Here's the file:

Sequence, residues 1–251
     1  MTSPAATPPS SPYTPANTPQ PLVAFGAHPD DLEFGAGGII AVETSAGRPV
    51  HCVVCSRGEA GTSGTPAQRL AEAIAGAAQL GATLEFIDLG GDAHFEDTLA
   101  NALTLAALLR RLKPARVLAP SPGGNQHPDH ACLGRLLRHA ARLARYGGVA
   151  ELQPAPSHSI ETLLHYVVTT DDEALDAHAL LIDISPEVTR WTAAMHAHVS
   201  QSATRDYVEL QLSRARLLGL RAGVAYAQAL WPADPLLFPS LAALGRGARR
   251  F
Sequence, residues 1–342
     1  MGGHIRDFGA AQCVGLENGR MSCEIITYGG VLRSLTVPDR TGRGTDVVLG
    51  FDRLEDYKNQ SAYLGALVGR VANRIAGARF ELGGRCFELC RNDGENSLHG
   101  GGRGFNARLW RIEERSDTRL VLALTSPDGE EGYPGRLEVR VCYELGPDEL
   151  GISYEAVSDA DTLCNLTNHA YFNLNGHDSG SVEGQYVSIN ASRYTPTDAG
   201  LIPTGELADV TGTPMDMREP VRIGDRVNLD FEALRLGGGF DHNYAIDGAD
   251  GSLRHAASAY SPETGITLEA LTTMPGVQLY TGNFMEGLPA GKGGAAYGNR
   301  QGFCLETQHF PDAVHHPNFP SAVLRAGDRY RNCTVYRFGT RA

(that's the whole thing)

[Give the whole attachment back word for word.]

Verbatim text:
Sequence, residues 1–251
     1  MTSPAATPPS SPYTPANTPQ PLVAFGAHPD DLEFGAGGII AVETSAGRPV
    51  HCVVCSRGEA GTSGTPAQRL AEAIAGAAQL GATLEFIDLG GDAHFEDTLA
   101  NALTLAALLR RLKPARVLAP SPGGNQHPDH ACLGRLLRHA ARLARYGGVA
   151  ELQPAPSHSI ETLLHYVVTT DDEALDAHAL LIDISPEVTR WTAAMHAHVS
   201  QSATRDYVEL QLSRARLLGL RAGVAYAQAL WPADPLLFPS LAALGRGARR
   251  F
Sequence, residues 1–342
     1  MGGHIRDFGA AQCVGLENGR MSCEIITYGG VLRSLTVPDR TGRGTDVVLG
    51  FDRLEDYKNQ SAYLGALVGR VANRIAGARF ELGGRCFELC RNDGENSLHG
   101  GGRGFNARLW RIEERSDTRL VLALTSPDGE EGYPGRLEVR VCYELGPDEL
   151  GISYEAVSDA DTLCNLTNHA YFNLNGHDSG SVEGQYVSIN ASRYTPTDAG
   201  LIPTGELADV TGTPMDMREP VRIGDRVNLD FEALRLGGGF DHNYAIDGAD
   251  GSLRHAASAY SPETGITLEA LTTMPGVQLY TGNFMEGLPA GKGGAAYGNR
   301  QGFCLETQHF PDAVHHPNFP SAVLRAGDRY RNCTVYRFGT RA